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To confront head teacher

(57 Posts)
MissedTheBusHome Wed 05-Dec-12 13:10:46

DD aged 7 should have got the bus home from school today.

Usual procedure is after lessons finish at 2:15 she waits in atrium and is collected by bus monitor and arrives at collection point 2:50.

Today she was not collected from atrium. She along with 6 other children were missed off the bus. The first I knew of this was when I received a call from person meeting her to say she hadn't arrived at collection point.

I rang school - for twenty mins I couldn't get through. After twenty mins the answer phone indicating the school office was now closed kicked in.

There is a second bus that runs to deal with DC's who do after school activities so I asked the person due to collect her to wait in case she was on that one. It usually arrives at 3:50. It eventually arrived at 4:15 and thank goodness DD was on it but I am fuming.

For almost an hour and a half I had no idea where she was or if she was safe.

The school obviously became aware at some point that she missed the bus but didn't think to call me to let me know all was ok.

I'm minded to head to school first thing tomorrow to let the HT have it with both barrels -AIBU

genuine a since I may have lost perspective due to another incident

needsomeair Thu 06-Dec-12 00:30:47

What is going to satisfy you?

A wholehearted apology for the abysmal f**k up (to both the parents AND the children who must have been quite worried)?
A forensic examination of "what went wrong"?
An assurance that procedures will be put in place to make sure this will NEVER happen again?

All of the above in writing wink

That's what I'd want as a minimum smile

sashh Thu 06-Dec-12 06:44:25

I understand why you are angry but I'm suprised that out of 7 children not one thought to go to reception and say they had missed the bus. And how did they miss the bus in the first place? I can sort of see one missing but seven?

From the times you have given the school found out she was not on the bus at the same time you did.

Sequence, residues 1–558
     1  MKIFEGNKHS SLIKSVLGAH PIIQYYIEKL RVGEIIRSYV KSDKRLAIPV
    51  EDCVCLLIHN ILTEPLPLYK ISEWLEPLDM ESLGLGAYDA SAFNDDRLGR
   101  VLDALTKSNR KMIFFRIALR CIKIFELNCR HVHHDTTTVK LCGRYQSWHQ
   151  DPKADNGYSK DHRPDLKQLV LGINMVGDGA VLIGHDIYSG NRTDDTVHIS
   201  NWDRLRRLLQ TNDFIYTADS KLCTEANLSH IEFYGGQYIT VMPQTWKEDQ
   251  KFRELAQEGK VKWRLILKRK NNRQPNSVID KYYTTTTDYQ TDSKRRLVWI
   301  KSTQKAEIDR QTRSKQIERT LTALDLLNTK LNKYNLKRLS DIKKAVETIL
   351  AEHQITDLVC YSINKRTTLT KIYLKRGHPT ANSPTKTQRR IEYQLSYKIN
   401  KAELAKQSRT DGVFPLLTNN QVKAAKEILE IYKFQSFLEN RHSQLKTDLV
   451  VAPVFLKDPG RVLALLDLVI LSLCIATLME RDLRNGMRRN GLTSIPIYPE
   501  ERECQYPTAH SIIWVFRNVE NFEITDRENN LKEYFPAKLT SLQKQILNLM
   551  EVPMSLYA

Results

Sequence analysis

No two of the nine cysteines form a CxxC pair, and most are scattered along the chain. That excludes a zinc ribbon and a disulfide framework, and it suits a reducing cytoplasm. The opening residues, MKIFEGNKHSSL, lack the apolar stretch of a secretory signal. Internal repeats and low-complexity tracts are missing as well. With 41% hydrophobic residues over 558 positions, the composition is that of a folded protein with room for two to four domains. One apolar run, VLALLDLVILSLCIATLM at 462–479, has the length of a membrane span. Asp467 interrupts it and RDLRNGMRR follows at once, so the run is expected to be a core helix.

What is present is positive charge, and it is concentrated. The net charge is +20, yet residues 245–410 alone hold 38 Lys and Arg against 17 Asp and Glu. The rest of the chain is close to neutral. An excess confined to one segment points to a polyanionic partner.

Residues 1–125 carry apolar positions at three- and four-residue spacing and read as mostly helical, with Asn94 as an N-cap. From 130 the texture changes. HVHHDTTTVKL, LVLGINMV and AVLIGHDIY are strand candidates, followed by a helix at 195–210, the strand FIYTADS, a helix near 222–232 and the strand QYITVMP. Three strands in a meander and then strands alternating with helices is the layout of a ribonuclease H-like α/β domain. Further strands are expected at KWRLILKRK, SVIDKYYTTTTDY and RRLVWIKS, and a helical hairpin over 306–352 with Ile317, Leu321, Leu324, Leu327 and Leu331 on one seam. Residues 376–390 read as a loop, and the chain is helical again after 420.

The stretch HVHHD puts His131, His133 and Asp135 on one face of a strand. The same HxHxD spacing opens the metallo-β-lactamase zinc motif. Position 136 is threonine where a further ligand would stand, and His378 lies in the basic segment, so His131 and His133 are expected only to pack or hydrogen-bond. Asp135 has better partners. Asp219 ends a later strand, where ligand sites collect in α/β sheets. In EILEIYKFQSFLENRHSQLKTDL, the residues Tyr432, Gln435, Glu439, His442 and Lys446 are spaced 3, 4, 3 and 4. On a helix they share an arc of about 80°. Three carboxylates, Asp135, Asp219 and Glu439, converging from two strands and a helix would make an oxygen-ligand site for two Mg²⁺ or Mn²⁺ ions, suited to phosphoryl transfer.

Do you know they were not trying to call you when you were phoning them?

I'm not saying that your dc was in anyway at fault,, what I am saying is that the procedure needs to be looked at.

AndABigBirdInaPearTree Thu 06-Dec-12 06:56:03

This has happened a number of times with my older child (which isn't as worrying, but still concerning, especially considering how scattered he can be). I talked to the school and asked if there was anything that could be done because it really scared me and I was worried sick that something had happened to him. The special needs coordinator came up with some ideas and they worked.

I agree that getting cooperation and sympathy from the staff is more likely to get you what you want than tearing them to shreds.

AndABigBirdInaPearTree Thu 06-Dec-12 06:56:25

sorry, my younger child who is older than yours is what I meant.

mummytime Thu 06-Dec-12 08:17:04

I am wondering (you sound like an ExPat, from the time zone comment) if the people local to you would worry about this. For example childrn in lots of European Countries are expected to make their way to and from school at a much younger age than in the UK. Much more like the situation when I was young.

Does your child have any SEN, and how old are they? Because these are all relevant factors.

MissedTheBusHome Thu 06-Dec-12 09:36:54

Ok trying to deal with all qs:

shhh. My DD was the eldest of the group at 7, as I think is usual with DC of her age she had very little concept of time. She knows she has to wait in the atrium to be collected and would have I think struggled to realise when she had been waiting "too long". Additionaly one of the fundamental rules we drum into her is that if she gets lost or someone doesn't collect wait where you are and someone will always find you.

I don't know when the school found out she hadn't been put on the bus - sometime after the first leaving at 2:15 and the second leaving which is usually about 3:15/25. The significant point is for at least one hour they knew she was somewhere other than she was supposed to be and no one thought to let me know (or check that she would be met from a bus she wasn't supposed to be on)

I absolutely know they weren't trying to phone me when I was phoning them. I used a landline number to call the school and I have a work and personal mobile that didn't rung the entire 1.5 hours. They have the two mobile numbers (which they contacted me on as recently as last wek) but not the landline.

No SN.

No idea why they missed the bus - they're supposed to be resorted from class to atrium where they are handed over to bus monitor. For context the school is huge: 2000+ students from 3-18. Home time is not a peaceful affair!

We're in middle east. Whilst some might argue there is a more relaxed culture re DC it's a major British school, the teachers are all Brits and had this happened to a local family heads would roll.....

mummytime Thu 06-Dec-12 10:54:08

I would then complain loudly and make it clear that you are not going to "shut up".

There could well be a culture of not acknowledging fault, and of if you do anything then you are the one who will be blamed. So if anyone had spotted the kids and tried to contact you, they would have been the one in the firing line.

I have to agree it is totally unacceptable in your circumstances, and the excuse of local culture does not apply.

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